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Overview
Difficulty
Intermediate
Duration
4h 7m
Students
1
Description

In this course, you'll start experimenting with XML code and diving deeper into layouts, namely linear and constraint layouts. We'll also look at animations and build a few fun features with them. Then, we'll take a deeper dive into the Kotlin programming language and constraint layouts, before building a fully functioning Tic-Tac-Toe game.

On top of that, we'll then build a second app which can play YouTube videos within it, and you'll learn how to work with APIs and API keys.

Intended Audience

This course is intended for beginners to Android app development or anyone who wants to master coding in Kotlin.

Prerequisites

Since this is a beginner-level course, there are no requirements, but any previous experience with coding would be beneficial.

Transcript

Hello and welcome back. Previously, you saw how to fade animations in and out like this. And in this video, we'll cover a few more animation basics, one after the other, which will lay the foundation for you to build other advanced things later on. So, I'll get rid of the fading bits in our app, and I'll show you the animation bits with Bart. First, right here, I'll get rid of this code and I have a reference to bartImage. So, I'm going to start with that. So, here we go, bartImage.animate. And I'll start with translation. Once I start typing in .translation, you see there is translationXBy, translationX, translationY, translationYBy. And for three-dimensional stuff, translationZ and ZBy.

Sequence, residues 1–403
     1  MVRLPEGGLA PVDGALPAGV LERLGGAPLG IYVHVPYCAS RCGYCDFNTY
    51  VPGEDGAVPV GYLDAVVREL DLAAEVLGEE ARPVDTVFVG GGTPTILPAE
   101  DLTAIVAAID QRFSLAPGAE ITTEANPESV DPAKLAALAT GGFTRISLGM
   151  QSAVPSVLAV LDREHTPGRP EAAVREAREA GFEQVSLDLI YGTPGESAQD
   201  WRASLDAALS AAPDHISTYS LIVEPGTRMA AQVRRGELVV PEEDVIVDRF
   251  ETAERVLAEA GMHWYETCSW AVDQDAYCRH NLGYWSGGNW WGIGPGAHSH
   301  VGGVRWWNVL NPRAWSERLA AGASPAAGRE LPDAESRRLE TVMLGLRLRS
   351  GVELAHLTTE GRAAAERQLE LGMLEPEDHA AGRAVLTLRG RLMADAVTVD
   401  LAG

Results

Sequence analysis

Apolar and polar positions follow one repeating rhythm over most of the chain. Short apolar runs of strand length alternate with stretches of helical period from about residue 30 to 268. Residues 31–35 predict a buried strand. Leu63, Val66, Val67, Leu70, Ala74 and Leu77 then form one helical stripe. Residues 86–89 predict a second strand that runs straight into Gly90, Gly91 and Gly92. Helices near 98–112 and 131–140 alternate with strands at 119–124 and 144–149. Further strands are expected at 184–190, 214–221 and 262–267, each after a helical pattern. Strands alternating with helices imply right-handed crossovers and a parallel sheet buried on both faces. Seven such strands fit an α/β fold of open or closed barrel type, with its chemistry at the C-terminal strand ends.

So, translation basically means move along the axis that's specified, so X or Y. And you get to specify how much to move by. So, if I use translationXBy, so let's use the first one right here, I can specify how much to move by over here. So, let's try 200f, okay? F for Float if you remember. So, we're expecting this to move Bart to the right along the X or horizontal axis, and we're going to set the duration, so .setDuration. We'll set it to two seconds, actually one second to make it a little bit quicker. All right, let's try it out. There's Bart, and if I tap on him, he moves to the right. Great. Working well.

Now, here are two challenges for you. Can you modify this and make Bart move out of the screen to the left, okay? We just made him move to the right over here. Make him move out of the screen to the left, that's part one. And then once you've managed to do that, make him move down below the screen and out of view. So, he starts off where he starts off and then moves down out of the screen. Go ahead, take a shot. Good luck. All right, hope you managed that. So, for the movement to the left, you can just turn this number into a negative, all right. And it has to be large enough that he actually moves out of the screen. So, I'll try minus, let's say -1,000. If I do that and apply, here we go. Here's the starting position. I'll tap on him, and there you go. He's out of the screen. And for the bottom, we can use translationYBy. And the same, I'll leave it as minus. Actually, I can't leave it as -1,000, I'll leave it as 1,000f.